Translation: he won’t do what you want if it goes against his ideology.
His confidence could come off as arrogant if Gandhi didn’t seem so genuinely passionate about what he does. He spreads his gospel by teaching at Dalhousie University’s School of Architecture, where he earned his master’s degree in 2005, and he lectures in places as far-flung as Scotland, Denmark, and Colombia. (Not bad for a guy from Brampton, Ontario, who, after graduating from artsy Mayfield Secondary School in Caledon, was rejected by his number one choice, the University of Waterloo, despite having good grades. “It was heartbreaking,” he recalls.)
Given his profession, it’s no surprise that Gandhi is outspoken on the subject of second-rate makeover shows. “I remember seeing a friend of mine’s place that was fixed up on a show. It was an extensive renovation, and I don’t think I’ve seen so much glue gun in my life,” he says. “Budget is a lie [on makeover shows],” he continues. “Television networks are gifted certain materials, and there are sponsors. Timelines are obviously not true, but what I find most upsetting about that world is quality.”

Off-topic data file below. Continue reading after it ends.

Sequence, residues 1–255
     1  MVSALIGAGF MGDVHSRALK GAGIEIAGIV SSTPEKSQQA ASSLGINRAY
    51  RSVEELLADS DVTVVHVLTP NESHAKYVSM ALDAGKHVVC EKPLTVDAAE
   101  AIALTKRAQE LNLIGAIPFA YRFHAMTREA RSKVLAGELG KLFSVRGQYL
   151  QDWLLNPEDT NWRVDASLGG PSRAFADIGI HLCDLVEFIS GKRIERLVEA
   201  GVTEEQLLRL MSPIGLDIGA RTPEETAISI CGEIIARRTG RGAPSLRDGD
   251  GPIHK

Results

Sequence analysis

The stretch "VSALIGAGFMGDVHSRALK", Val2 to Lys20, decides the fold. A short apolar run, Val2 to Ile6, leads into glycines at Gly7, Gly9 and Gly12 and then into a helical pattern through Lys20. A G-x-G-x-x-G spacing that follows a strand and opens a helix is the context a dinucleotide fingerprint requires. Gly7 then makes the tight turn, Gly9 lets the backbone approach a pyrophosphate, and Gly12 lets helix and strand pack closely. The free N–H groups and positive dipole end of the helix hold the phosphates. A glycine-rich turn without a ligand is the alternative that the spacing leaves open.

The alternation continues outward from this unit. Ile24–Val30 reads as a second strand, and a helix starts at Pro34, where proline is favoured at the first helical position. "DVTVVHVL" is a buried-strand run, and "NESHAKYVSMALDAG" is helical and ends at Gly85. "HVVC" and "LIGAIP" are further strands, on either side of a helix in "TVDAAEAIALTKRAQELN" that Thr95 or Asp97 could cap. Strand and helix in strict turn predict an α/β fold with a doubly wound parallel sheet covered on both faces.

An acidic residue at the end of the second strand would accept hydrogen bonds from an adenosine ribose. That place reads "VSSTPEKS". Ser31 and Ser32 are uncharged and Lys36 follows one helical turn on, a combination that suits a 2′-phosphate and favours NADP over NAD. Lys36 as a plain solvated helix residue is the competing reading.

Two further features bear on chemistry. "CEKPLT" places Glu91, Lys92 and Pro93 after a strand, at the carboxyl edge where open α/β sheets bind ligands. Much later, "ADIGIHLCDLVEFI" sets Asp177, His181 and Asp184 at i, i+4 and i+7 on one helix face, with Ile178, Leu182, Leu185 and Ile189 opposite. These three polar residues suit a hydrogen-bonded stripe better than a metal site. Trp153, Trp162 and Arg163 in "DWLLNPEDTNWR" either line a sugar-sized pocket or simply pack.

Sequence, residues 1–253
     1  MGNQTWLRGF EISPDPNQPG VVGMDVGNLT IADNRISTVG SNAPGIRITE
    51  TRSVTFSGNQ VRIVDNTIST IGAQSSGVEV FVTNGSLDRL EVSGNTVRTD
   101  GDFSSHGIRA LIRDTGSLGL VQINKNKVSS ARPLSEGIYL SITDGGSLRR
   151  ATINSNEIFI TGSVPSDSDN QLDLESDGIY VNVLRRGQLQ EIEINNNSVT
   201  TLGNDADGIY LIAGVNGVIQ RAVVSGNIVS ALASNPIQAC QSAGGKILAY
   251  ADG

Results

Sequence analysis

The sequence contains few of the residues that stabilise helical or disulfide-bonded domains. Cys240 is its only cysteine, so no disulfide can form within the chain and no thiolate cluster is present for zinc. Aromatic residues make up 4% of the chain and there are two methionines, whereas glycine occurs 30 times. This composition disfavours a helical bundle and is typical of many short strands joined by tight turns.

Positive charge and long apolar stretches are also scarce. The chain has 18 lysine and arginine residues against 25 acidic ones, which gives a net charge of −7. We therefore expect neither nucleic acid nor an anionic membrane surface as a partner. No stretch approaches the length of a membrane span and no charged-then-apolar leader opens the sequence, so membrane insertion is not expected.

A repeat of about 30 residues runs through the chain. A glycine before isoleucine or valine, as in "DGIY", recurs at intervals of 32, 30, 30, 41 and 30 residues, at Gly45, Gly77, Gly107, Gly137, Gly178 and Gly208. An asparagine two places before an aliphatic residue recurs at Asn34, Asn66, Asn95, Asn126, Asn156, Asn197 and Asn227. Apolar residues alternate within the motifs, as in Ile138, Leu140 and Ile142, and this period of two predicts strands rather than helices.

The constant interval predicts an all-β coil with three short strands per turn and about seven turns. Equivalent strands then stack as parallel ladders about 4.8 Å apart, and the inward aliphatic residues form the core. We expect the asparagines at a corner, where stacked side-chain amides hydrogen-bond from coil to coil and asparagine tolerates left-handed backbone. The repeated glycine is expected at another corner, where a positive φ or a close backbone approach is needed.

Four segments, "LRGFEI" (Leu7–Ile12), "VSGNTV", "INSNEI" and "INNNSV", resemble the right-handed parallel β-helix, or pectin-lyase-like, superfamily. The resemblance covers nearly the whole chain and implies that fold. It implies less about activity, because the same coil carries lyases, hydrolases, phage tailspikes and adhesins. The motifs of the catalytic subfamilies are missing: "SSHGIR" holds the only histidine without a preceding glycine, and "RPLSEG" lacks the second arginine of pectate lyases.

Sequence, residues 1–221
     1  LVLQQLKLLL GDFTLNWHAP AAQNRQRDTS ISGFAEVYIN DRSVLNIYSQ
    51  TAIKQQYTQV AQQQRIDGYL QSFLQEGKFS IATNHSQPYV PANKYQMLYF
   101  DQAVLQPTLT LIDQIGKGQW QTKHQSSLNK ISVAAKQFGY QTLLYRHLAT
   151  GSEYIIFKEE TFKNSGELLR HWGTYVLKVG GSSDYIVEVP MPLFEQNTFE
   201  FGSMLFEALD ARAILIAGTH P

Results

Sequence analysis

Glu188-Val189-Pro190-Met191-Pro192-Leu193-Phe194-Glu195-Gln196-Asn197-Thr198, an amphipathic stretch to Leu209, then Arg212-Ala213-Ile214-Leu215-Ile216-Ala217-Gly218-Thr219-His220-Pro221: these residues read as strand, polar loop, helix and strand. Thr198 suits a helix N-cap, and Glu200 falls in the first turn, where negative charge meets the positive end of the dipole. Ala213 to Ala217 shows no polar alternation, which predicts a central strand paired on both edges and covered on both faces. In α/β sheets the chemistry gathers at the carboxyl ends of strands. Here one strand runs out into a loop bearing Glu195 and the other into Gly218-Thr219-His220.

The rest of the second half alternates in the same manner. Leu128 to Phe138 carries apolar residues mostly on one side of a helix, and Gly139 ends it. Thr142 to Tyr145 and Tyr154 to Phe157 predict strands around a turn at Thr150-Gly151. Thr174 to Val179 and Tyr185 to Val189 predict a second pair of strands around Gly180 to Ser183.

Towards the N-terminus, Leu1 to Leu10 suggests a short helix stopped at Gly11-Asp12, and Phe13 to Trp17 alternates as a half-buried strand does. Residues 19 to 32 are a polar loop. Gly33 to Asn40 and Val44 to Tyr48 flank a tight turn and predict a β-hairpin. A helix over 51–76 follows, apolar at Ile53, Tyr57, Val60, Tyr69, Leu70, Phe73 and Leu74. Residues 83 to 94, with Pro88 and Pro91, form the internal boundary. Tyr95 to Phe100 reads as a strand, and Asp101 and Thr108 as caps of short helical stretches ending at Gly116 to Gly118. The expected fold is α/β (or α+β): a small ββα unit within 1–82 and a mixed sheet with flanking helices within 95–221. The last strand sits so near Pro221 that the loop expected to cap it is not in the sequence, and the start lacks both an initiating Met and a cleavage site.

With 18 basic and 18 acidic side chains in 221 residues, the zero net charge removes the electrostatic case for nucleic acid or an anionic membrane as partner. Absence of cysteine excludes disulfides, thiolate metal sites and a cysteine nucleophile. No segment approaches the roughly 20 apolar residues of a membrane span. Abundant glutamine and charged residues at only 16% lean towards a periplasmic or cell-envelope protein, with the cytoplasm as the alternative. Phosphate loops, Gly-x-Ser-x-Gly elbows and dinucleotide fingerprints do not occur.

He had his own five minutes of fame in Halifax when he was 30, doing one episode of a TV show called Family Renovation before being booted off for being a dud. “I wouldn’t watch me. I wasn’t being dramatic. I was boring. I was doing my job.”
Gandhi won’t do what you want if it goes against his ideology.
Gandhi is a natural talker, someone you would be happy to be seated next to at a dinner party. Beyond the 12th floor floor-to-ceiling windows of his bright Toronto condo is a picturesque view of St. Mary’s Church on Adelaide Street West. The grand, Gothic spires are a fitting accompaniment to a discussion about architecture.
Slapdash isn’t part of Gandhi’s lexicon. The mostly private houses he has designed are done with longevity in mind. “They’re built with the intention of being there as long as possible. It’s a solid craft, like this chair that I invested in—it was a dream to buy it.” He’s referring to the woven Wegner Easy Chair he’s sitting on, his legs crossed at the ankles to show off teal polka dot socks. The wonderfully understated chair is one of exactly three pieces of furniture in his condo. He also has a sofa and a bed.